The more people share stories about their own mental health challenges, the more it becomes normalised in the workplace.
That’s the position Dan Mcardle took, Head of Water Services Contracts at Severn Trent Services, when he shared his mental health journey on an internal podcast this year.
Since the podcast, people have reached out and thanked him. Some have even gone on to share their own stories, which has helped to break down barriers and remove stigma.
By sharing his story externally, Dan hopes other organisations will do the same.
Dan’s story of mental health
When Dan was 15, his dad got a new job. So, his parents moved Dan and his two younger sisters from their home in north-east England to a new home in Scotland – three hour’s drive away.
This was a big move for Dan. He left behind family members and friends. And what’s more, the schools in Scotland were one academic year ahead, so he was forever playing catch-up.
Dan explains: “I really struggled to fit in. I couldn’t establish the same type of friendships I’d had back home. I felt isolated with very few friends, so I came back to the north-east as often as I could.”
Almost a year after the move, things got too much for Dan and he had a breakdown. This resulted in him moving in with his grandparents and shortly afterwards was prescribed anti-depressants.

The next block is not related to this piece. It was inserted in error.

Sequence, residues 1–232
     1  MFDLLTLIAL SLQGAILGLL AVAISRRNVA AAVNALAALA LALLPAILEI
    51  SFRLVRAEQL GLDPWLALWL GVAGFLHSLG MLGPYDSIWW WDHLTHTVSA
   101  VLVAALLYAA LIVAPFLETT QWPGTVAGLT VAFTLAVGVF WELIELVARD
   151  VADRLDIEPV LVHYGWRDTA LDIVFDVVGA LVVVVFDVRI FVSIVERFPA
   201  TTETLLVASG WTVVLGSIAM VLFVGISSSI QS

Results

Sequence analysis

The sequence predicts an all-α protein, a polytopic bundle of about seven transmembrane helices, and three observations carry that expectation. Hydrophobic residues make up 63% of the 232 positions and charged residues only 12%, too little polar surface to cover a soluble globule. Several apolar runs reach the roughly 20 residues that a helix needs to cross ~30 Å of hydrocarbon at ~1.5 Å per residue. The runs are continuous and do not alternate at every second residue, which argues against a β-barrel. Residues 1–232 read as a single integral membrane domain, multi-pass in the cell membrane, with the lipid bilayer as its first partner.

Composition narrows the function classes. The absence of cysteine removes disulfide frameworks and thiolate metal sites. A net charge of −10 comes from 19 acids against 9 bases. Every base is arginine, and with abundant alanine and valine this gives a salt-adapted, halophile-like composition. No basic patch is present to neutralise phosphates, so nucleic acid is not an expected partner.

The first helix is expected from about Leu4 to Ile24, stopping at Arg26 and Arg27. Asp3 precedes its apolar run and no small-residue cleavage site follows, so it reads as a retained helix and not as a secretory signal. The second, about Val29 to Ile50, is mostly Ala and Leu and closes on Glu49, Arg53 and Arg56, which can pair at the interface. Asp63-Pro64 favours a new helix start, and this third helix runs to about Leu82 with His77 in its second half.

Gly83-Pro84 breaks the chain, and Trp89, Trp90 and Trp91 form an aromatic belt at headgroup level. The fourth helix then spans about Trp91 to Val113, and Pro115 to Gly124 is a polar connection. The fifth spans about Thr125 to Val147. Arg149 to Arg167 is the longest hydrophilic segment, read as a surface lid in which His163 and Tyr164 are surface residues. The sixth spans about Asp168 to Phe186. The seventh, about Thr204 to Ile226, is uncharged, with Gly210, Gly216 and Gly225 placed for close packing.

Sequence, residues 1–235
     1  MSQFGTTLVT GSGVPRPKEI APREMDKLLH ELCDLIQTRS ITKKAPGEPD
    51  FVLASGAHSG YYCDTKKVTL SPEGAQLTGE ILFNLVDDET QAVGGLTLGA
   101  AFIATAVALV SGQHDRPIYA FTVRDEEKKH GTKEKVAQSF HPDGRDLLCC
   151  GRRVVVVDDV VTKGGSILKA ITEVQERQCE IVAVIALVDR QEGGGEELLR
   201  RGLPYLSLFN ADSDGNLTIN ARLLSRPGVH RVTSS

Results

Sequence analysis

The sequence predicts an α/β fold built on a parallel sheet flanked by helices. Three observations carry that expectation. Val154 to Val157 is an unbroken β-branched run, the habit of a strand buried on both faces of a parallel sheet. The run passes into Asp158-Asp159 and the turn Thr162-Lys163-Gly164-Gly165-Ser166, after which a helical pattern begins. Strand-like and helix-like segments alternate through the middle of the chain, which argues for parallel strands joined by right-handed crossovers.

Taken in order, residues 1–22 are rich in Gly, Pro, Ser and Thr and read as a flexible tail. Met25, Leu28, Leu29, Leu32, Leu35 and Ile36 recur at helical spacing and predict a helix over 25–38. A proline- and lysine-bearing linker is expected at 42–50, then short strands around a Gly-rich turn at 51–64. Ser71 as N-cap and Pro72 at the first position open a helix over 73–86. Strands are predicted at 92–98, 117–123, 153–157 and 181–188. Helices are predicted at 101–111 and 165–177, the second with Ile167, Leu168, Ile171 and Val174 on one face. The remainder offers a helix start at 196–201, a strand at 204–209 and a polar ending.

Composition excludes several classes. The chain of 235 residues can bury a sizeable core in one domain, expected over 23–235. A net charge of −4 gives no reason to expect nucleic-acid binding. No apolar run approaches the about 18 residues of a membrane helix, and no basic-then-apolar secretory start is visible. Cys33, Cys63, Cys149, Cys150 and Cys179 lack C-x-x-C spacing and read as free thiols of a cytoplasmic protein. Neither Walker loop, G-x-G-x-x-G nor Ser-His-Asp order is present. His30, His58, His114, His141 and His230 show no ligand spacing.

Dan adds: “My Mam and Dad were distraught that I’d left Scotland. And even though I was back in the north-east – where I wanted to be – the rest of my family weren’t with me.
“I had this internal tug of war going on inside my head. I constantly questioned whether I’d done the right thing. I convinced myself that I’d let everybody down. I felt guilty for leaving my parents and sisters behind. It was all too much.”
Dan developed anxiety which has never gone away. Although now he’s a dad himself, he’s full of admiration for his parents, who selflessly allowed him to live where he wanted to be.
“Even today, the anxiety has never really gone away. I can be having a fantastic day, and then something will suddenly change. I start to feel sick and worried, and I really don’t know why.
“It’s a feeling that temporarily stops me from being happy or excited about things. But at that moment, I never quite understand where it comes from or why.”
Find a listener in your organisation
When you’re experiencing mental health challenges, while trying to juggle your job and homelife – what can you do?
Dan says he’s found people he can trust in Severn Trent Services who he can talk to about how he’s feeling and why: “I don’t always speak to family members. But there are several people at work who are fantastic listeners. I often use them as sounding boards and it really helps.”
Another thing Dan recommends is asking your colleagues how they really are: “Often, people will tell you they’re fine. But if you ask them again, they might just open up.”
Share your story
Dan hopes that other organisations are also encouraging their employees to talk about their own mental health challenges to help boost wellbeing in the workplace.
He sums up: “After reading this article, I’d like to think that leaders in other businesses might feel inspired to tell their people about their own struggles.”